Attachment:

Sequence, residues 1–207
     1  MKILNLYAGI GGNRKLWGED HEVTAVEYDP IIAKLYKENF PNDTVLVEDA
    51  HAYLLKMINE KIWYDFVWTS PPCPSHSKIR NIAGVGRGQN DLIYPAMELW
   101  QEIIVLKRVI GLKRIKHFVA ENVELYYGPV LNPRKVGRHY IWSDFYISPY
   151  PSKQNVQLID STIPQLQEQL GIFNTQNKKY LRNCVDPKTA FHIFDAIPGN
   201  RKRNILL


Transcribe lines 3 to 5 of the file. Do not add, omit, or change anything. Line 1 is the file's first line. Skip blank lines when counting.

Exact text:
    51  HAYLLKMINE KIWYDFVWTS PPCPSHSKIR NIAGVGRGQN DLIYPAMELW
   101  QEIIVLKRVI GLKRIKHFVA ENVELYYGPV LNPRKVGRHY IWSDFYISPY
   151  PSKQNVQLID STIPQLQEQL GIFNTQNKKY LRNCVDPKTA FHIFDAIPGN